Oftentimes while at the gym, I watch others complete their box jump sets and tell myself one day I am going to give it a go. They look fun and most importantly, I know the benefits of plyometrics; however, something has kept me from incorporating them into my workout routines.

On this particular day, I glanced around the gym and noticed it wasn’t as packed as it typically is with members. I made a deliberate goal to myself, “at the end of today’s workout, I will attempt my first box jump.”

After my short slog (slow jog) and core strength workout, I approached the area with the various free weights and box jump sets. I scanned the area and retrieved the lowest one I could find; there were three sizes to choose from, and I was certain there was another shorter one that simply couldn’t be located.

As I positioned it and approached it, I was so excited and enthusiastic about this new goal. To my right was a gentleman doing the highest box jump I have ever seen; so explosive and agile, he moved so smoothly and his effort looked effortless; I admired his strength and jumping ability. Inside, I wanted to ask this stranger to come over and tell me what to do and how to do it, but he wasn’t a mind reader.

I got into position and froze. I found my feet unable to leave the ground and my enthusiasm began to turn to discouragement and frustration. I thought about quitting. Then, I decided perhaps a warm up and getting familiar with the box was needed, so I began individual step ups, and did three sets to warm up.

As I completed the individual box step ups, I captured my “head noise” the fear of failing, the fear of stumbling, the fear of those on the treadmill and machines behind me who perhaps observed my attempt and might have labeled me as “unable.” I had to confront my own weaknesses, and realized I needed support from the outside to support me in accomplishing my goal. I looked to my friend who was working out with me and shared my fears verbally; I immediately began to feel lighter. She provided the right amount of direction and support; she listened to my concerns and encouraged me. I turned to the right and watched the gentleman as he continued his effortless box jumps. I replaced my head noise with words and phrases such as “this is a new experience” “I can do it” “I know how to jump” “strong legs, strong lungs and strong mind” “jumping is fun” and then I took my leap. To my surprise, I landed on the box! I wanted to squeal like a three year old in delight. I eagerly began my sets and thought consciously about my competence and commitment level to this goal and task. I was completely inexperienced and eager and enthusiastic. Upon my first attempt, I became quickly discouraged and frustrated, overwhelmed with personal disappointment and consumed by fear.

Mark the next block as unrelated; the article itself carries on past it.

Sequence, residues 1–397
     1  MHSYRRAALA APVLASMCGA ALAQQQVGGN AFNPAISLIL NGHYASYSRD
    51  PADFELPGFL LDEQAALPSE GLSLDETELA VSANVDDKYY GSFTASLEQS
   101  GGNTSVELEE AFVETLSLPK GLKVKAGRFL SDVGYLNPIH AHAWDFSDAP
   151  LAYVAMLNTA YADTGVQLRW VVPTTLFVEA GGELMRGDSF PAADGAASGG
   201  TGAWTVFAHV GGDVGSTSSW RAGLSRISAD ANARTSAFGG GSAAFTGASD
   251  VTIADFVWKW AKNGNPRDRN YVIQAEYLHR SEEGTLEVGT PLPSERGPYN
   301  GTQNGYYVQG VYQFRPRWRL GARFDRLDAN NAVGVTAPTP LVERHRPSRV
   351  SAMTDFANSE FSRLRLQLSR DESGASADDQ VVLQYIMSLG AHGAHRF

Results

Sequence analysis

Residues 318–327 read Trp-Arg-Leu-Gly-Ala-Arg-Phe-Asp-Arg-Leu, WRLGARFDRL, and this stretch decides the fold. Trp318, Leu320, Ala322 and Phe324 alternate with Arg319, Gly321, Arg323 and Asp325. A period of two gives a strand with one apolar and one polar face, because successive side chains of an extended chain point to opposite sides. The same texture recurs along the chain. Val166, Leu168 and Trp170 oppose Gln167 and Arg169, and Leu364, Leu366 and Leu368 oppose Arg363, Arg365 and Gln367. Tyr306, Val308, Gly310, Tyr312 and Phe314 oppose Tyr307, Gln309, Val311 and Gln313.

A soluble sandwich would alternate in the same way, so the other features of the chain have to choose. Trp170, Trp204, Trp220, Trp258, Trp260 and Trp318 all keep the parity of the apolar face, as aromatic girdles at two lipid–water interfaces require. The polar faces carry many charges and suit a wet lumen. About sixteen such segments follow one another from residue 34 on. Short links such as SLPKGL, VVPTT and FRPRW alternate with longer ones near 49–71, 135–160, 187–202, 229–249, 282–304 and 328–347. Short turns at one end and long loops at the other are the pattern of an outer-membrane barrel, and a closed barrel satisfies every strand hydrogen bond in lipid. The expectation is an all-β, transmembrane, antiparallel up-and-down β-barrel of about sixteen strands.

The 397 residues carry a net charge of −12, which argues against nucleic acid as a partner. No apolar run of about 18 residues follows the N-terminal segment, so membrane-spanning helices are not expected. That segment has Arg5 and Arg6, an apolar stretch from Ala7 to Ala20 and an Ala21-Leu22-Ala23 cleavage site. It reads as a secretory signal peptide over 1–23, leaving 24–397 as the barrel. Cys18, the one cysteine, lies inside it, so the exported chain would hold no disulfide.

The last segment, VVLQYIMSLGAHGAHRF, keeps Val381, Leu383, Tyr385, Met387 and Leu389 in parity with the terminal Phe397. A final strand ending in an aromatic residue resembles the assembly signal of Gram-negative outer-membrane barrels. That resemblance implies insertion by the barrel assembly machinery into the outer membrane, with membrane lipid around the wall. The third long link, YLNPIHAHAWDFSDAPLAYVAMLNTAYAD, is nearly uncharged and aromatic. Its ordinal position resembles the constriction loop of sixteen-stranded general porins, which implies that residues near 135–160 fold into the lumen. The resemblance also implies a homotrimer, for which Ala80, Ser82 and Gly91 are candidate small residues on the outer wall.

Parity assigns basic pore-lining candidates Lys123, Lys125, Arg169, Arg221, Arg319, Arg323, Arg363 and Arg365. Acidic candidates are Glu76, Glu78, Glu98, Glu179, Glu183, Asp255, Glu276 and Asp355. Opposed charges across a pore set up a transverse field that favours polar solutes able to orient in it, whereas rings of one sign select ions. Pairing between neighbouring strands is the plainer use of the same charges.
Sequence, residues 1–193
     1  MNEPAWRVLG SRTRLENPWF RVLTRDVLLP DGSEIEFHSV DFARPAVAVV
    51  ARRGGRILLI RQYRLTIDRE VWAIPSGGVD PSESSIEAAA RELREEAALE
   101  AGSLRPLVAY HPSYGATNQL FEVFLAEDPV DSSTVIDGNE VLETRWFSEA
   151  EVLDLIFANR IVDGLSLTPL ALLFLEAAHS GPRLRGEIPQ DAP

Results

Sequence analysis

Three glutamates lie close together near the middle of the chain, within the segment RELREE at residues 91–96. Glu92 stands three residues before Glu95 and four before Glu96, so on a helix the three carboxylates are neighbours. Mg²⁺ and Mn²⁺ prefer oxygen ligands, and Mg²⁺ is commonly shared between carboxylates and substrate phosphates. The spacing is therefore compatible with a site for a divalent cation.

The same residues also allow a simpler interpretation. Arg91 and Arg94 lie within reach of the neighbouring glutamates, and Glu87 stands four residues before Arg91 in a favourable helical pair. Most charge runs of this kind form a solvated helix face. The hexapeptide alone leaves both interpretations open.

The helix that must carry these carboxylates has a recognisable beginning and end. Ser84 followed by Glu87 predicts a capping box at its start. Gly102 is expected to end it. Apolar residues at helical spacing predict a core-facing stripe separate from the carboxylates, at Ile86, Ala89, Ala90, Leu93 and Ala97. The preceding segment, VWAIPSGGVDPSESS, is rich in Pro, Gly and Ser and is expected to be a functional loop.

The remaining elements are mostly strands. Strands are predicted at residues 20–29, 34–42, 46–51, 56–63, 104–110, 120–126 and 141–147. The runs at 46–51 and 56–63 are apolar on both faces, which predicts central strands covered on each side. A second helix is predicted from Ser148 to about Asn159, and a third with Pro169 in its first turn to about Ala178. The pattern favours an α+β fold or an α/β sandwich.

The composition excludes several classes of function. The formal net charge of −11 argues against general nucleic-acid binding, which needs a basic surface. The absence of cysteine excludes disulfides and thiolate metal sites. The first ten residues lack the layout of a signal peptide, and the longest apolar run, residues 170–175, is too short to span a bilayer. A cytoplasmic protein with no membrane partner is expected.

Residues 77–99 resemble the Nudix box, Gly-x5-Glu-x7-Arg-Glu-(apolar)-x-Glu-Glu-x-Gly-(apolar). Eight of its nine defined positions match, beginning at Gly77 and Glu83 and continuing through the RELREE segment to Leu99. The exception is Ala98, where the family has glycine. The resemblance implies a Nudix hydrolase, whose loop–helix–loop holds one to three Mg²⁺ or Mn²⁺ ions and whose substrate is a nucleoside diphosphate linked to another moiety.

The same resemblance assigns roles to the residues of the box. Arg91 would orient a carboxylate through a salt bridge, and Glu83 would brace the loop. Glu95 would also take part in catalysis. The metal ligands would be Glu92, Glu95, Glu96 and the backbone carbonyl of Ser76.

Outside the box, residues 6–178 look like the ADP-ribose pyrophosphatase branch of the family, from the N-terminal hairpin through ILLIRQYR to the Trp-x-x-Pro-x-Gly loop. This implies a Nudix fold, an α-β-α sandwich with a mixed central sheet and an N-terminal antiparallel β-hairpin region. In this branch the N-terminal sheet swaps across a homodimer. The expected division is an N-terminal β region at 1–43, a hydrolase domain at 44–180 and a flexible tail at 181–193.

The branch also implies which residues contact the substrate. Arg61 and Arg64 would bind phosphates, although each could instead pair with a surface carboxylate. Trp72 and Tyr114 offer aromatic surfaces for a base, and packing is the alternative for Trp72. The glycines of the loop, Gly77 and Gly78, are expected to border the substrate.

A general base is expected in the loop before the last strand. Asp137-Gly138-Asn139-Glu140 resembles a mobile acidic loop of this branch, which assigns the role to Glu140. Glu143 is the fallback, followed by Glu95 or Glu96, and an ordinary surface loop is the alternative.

Upon my finish, my friend said to me, “What made you able to do it” and my reply was, “You and that gentleman over there.” I walked over to the stranger and said to him, “You inspired me today to try something I have always wanted to do and didn’t know how to. Watching you gave me strength and helped me gain confidence to try something new.” I said to my friend, “Thank you for your words of encouragement, your patience and reassurance.” I feel certain that had my friend muttered any words of frustration or showed irritation in my attempt with my goal, it would have been easy to walk away from the goal and set it aside for another day.

In order to achieve, to be a self-reliant achiever, one needs to have the support and direction required against the goal or task. With your goals and tasks, do you receive both the support and direction required to achieve success?

 

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